Sed projéctus est dráco ílle mágnus, sérpens antíquus, qui vocátur diábolus et sátanas, qui sedúcit univérsum órbem; et projéctus est in térram, et ángeli éjus cum íllo míssi sunt.  

This is a “Black Widow” variant, characterized by the black bakelite grips and unnumbered black plastic magazine bottoms.  As this one was manufactured during Nazi Germany, it is marked with waffenampts.

We’ve lovingly dubbed this piece “Satan’s Luger.”

If the mechanical genius and history of this pistol aren’t impressive enough for you, note that it is in almost perfect condition.

I’ll give you a moment to wipe the drool off your keyboard and collect yourself.

En antíquus inimícus et homicída veheménter eréctus est.  Transfigurátus in ángelum lúcis, cum tóta malignórum spirítuum catérva láte círcuit et invádit térram, ut in ea déleat nómen Dei et Christi éjus, animásque ad aetérnae glóriae corónam destinátas furétur, máctet ac pérdat in sempitérnum intéritum.

It’s an impressive antique.  Of particular interest is the serial number.  BEHOLD!

Black Widow Luger: Serial Number 666

Vírus nequítiae suae, támquam flúmen immundíssimum, dráco maléficus transfúndit in hómines depravátos ménte et corrúptos córde; spíritum mendácii, impietátis et blasphémiae; halitúmque mortíferum luxúriae, vitiórum ómnium et iniquitátum.

View more images of this unique pistol:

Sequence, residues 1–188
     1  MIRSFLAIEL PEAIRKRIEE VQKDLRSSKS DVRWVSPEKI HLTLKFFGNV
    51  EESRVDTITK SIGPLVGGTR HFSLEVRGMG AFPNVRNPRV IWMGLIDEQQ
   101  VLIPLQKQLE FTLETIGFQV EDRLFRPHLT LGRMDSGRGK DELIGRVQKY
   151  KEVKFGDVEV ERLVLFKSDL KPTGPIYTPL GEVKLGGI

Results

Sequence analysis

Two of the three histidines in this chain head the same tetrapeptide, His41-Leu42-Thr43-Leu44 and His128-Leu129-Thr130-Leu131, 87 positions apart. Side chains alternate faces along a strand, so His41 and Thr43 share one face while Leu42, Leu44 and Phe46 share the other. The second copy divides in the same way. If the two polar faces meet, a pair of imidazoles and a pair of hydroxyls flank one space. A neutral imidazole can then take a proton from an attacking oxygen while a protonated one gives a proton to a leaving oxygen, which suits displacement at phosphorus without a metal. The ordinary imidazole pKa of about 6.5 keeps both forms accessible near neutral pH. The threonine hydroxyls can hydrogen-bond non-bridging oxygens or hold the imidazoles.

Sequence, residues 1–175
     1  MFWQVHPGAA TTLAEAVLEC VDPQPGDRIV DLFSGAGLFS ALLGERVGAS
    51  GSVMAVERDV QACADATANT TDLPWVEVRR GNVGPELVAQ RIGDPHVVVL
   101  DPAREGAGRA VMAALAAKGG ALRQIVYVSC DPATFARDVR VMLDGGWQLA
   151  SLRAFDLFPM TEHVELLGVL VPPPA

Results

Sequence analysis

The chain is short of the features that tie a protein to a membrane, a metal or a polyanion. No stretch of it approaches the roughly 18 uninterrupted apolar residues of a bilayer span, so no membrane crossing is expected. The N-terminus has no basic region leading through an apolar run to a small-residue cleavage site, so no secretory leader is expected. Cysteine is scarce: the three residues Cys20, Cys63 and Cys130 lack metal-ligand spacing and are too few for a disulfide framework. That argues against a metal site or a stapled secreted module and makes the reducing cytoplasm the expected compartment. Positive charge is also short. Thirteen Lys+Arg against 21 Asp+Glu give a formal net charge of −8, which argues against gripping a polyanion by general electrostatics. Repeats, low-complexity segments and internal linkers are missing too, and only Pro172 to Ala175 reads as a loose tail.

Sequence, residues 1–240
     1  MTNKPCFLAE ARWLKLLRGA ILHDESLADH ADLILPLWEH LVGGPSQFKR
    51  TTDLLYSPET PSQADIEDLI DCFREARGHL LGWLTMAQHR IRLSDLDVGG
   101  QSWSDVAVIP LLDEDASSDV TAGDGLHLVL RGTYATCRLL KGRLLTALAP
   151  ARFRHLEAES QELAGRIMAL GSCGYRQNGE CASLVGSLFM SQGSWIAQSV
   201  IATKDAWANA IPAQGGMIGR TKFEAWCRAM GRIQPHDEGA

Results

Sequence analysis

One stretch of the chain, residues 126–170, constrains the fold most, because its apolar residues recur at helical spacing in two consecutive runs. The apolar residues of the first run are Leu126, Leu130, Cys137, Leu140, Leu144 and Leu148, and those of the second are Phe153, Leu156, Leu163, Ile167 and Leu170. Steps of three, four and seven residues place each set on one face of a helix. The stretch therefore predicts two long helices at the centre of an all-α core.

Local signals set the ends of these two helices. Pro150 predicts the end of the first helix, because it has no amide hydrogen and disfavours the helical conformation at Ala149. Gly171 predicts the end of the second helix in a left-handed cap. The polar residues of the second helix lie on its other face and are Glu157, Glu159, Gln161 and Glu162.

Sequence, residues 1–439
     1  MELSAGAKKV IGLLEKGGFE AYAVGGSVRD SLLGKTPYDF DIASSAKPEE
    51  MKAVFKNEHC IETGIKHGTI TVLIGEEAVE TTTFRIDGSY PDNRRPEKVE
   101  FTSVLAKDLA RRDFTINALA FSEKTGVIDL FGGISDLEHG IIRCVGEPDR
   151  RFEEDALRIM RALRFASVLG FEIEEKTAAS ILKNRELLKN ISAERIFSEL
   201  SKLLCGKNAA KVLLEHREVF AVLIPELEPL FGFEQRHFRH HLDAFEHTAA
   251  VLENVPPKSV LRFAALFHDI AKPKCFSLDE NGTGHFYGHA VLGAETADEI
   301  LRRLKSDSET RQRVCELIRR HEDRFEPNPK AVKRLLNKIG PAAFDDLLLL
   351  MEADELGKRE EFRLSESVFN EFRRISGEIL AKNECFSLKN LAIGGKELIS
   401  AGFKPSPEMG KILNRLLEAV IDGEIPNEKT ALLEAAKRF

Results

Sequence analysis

External Content: Libby’s Vegan Pumpkin Pie

200 calories

The un-blended blobs of cornstarch add character.

Recipe here:

I used 4 Tbsp of cornstarch mixed with egg replacer instead of the tapioca flour, and Truvia Baking Blend instead of regular sugar, but everything else is the same. If you need a vegan pumpkin pie, this recipe is pretty authentic compared to the tofu-based one I tried last year.

It’s not a pretty pie, but considering it’s just going to be eaten, I don’t care!

Heavy Meals: Pretzel Dogs

200 calories

Featured: The Shun knife my brother stabbed himself with yesterday. A sharp knife is a safe knife. NOT.

When I was in high school, I used to take classes during the summer just for the heck of it. All students were required to take a P.E. course (this is before ‘Murica decided to give up and just be fat). I hated sportsball, so I spent the first few classes actively not participating, instead choosing to sit on my fat, lazy butt (complete with hideous pants from Hot Topic).